Agile

Thoughts on Refactoring

Thoughts on Refactoring

I recently worked with a team on a fairly significant refactoring. I paired with different team members each day over a three day period as we moved code around, pushing responsibility into other classes, reducing complexity, and make the code more expressive. On the fourth day, I put together some notes on the things we saw and general guidelines for the team to keep in mind. Nothing herein is new to the community, but it might be new to you.

Troubleshooting Velocity

Troubleshooting Velocity

Recently, on a private forum, a member posted a query about their team’s recent drop in Velocity. Concerned about how their boss would respond, this individual wanted to know how to troubleshoot velocity issues.

After spending over an hour crafting a response, I decided I would also add it to my public blogs in case there are others who have similar questions about velocity.

Velocity Anti-Patterns - Attempts to show increased velocity

Velocity Anti-Patterns - Attempts to show increased velocity

When leadership asks for an increase in velocity, there are a few common behaviors that occur. Each of them are an attempt to satisfy the potentially unrealistic ask.

It is intriguing to me how often a manager will make a change such as this to a system of work and then later proclaim that the team is gaming the system. This is simply not the case. In fact, the gaming of the system is the improper application of targets or goals for lagging indicators. The rest is just natural consequence.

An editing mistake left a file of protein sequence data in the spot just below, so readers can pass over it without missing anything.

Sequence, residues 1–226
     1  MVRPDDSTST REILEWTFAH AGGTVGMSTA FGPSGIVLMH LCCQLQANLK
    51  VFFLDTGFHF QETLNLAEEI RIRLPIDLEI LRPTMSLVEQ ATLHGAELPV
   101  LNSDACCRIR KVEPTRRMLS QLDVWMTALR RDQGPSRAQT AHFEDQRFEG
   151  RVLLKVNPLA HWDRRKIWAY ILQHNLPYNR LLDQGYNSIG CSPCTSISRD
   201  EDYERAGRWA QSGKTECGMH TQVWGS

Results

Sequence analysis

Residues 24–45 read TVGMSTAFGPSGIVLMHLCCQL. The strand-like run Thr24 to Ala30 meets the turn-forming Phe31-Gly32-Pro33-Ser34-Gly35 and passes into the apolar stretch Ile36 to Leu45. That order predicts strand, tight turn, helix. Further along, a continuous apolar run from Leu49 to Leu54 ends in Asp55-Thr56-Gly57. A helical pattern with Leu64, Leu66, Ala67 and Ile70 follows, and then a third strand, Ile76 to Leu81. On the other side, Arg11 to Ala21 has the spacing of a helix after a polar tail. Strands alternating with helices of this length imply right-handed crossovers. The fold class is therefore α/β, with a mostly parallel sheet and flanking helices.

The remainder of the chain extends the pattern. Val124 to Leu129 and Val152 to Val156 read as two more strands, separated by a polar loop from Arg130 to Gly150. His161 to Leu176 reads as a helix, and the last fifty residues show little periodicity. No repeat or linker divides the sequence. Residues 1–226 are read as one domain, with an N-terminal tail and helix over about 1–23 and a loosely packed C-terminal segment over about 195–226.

You can find more on the topic of velocity and metrics for agile teams in my book, "Escape Velocity".

Velocity Anti-Patterns - Enticing More Velocity

Velocity Anti-Patterns - Enticing More Velocity

Leaders (and teams) attempt to achieve velocity increases in numerous ways. Most, as you can imagine, have unintended side effects on the teams and none significantly improve the actual flow/delivery of value to their customers. Here we explore a few ways teams might be encouraged to increase their velocity. Unfortunately, no matter how well intentioned, using such techniques still has a negative impact.

This content and more on agile metrics is available in the book, "Escape Velocity"

Velocity Anti-Patterns - Demand for higher velocity

Velocity Anti-Patterns - Demand for higher velocity